TIMBUKTU, Mali -- When the jihadists came to town last April, it took a little while for Ageysha to realize she wouldn't be playing basketball anymore.
A slim, steely, 15-year-old at the time, Ageysha made a plan: She would cover herself in a face-concealing niqab and full-length burka, as the Islamists demanded, and wear it while she walked to the courts. Once there, she'd cast off the extra fabric, except long pants for good measure, and dribble away.
"I thought we could just cover our bodies and keep playing," she said recently as she sat in the shade near the basketball courts of an old secondary school. "But eventually the boys convinced us it wasn't a good idea."
The al Qaeda-linked Islamists who ruled Timbuktu and Northern Mali for most of 2012 imposed a strict social order on the entire region, forcing women to cover their bodies in public, banning men and women from mixing socially, and enforcing rules against liquor and cigarettes with harsh punishments: public lashings, chopping off hands.
Women who refused to follow the dress code were imprisoned in a tiny ATM vestibule downtown, often for days. Many also say they were raped.
After a few weeks, Ageysha, like most of her friends, was sent to Bamako for safety -- "I wasn't ready to give up my life just to play basketball," she says. But now she is back, and basketball has resumed with the fevered enthusiasm of practitioners of a banned religion.
On an upper court, 25 of the older boys and girls ran high-speed, full-court drills that they said their coach had learned from television.
Down below, on an uneven asphalt court, El Hadj Adjanga, the 54-year-old coach of the clinic called Academie de Basket, ran warm-up sprints with an energetic group of younger kids. There were easily 50 kids on the courts, evenly divided between boys and girls.
The basketballs were worn and recycled, and the players possessed wildly varying levels of skill -- and attire. One girl, among the best shooters of the younger group, played vigorously in a bright yellow dress and sandals. Others wore hand-me-down NBA jerseys of teams they could barely identify. (A girl in a Miami Heat jersey had no idea the team had won the championship last year.)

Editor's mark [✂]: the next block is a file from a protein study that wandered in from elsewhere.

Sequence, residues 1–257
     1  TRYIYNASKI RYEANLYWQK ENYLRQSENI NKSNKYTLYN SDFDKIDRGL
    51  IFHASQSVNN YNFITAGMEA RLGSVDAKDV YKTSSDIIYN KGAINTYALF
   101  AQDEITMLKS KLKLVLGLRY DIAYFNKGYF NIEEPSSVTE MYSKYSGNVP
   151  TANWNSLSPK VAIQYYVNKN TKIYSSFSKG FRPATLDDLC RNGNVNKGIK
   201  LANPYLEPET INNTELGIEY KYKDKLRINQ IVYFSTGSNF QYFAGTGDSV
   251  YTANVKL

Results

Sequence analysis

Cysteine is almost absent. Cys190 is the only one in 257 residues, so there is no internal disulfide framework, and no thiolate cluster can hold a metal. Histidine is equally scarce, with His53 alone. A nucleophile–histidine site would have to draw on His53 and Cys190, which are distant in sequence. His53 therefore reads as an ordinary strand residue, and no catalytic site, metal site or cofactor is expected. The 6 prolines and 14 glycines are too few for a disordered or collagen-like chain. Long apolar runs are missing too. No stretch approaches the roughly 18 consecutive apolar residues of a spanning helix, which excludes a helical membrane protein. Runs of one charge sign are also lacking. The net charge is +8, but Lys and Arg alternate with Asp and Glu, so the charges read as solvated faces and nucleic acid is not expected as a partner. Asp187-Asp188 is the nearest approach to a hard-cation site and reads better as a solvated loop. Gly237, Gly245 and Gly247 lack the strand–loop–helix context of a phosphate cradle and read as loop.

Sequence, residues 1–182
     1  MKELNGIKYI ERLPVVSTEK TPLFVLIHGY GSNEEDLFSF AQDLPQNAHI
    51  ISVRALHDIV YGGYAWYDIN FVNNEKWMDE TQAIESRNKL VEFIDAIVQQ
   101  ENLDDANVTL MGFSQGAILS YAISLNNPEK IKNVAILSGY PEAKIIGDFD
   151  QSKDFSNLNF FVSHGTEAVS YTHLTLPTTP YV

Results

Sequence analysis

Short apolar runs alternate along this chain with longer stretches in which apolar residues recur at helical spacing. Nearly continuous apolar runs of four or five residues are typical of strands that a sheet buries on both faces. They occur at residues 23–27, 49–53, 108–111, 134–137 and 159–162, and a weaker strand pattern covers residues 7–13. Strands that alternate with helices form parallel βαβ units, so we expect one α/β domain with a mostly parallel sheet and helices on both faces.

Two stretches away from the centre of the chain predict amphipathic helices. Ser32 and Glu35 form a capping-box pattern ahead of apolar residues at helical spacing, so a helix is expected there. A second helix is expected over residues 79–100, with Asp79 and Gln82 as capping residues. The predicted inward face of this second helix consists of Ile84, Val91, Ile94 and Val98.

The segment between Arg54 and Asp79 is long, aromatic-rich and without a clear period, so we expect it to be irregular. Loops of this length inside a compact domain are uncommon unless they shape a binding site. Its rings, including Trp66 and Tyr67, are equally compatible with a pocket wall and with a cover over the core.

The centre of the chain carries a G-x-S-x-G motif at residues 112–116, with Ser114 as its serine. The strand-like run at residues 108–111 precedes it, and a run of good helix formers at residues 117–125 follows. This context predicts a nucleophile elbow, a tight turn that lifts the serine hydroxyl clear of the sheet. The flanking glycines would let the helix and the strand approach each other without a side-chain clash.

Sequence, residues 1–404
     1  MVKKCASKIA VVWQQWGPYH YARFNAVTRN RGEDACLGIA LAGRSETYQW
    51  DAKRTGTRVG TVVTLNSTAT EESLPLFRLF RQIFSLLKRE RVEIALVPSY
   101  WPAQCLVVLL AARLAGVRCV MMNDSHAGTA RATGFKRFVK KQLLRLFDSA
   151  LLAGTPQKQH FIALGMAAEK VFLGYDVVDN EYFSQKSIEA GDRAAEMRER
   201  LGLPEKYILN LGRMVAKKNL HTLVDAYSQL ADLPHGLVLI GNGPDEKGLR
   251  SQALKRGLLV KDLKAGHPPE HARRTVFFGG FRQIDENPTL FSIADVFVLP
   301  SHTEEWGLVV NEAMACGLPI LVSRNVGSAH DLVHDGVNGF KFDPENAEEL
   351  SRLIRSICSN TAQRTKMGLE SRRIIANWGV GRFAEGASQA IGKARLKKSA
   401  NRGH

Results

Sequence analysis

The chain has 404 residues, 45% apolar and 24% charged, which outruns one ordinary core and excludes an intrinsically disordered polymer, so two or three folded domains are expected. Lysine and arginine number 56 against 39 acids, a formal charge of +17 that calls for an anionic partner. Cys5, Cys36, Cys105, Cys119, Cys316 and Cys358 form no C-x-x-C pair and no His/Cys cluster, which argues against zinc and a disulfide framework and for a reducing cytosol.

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Taking a break from the drills, Coach Adjanga said that the period under Islamist occupation had been miserable for him, especially because he couldn't play the game he loves.
"It made me sick to my stomach," he said. "The kids couldn't play at all -- it was a great tragedy."
Like his players, Adjanga wore a grab-bag ensemble of sporting gear, despite the searing evening heat: a red T-shirt, navy sweatpants, a green Adidas jumper.
Adjanga, who is a butcher by day, said the game of basketball came into his life in the 1960s, when foreign visitors arrived with balls and lessons while staying in Timbuktu for tourism. At its peak, the program he started 13 years ago traveled to tournaments in the bigger cities in the south, even once to the capital, Bamako.
But now, like the rest of Timbuktu, Adjanga's basketball clinic is just getting back on its feet. They're fortunate to find friendly competitions with neighborhood squads and are more often limited to intramural games. Just as fortunate, the players say, is the fact they can play at all.
For a moment, Adjanga paused to take in the activity around him. On the upper court, Ageysha, dressed in a black tank-top and shorts, passed a ball to a friend.
"I can tell you this," Adjanga said, "the first week after liberation -- as soon as they could do it -- the kids were back here playing."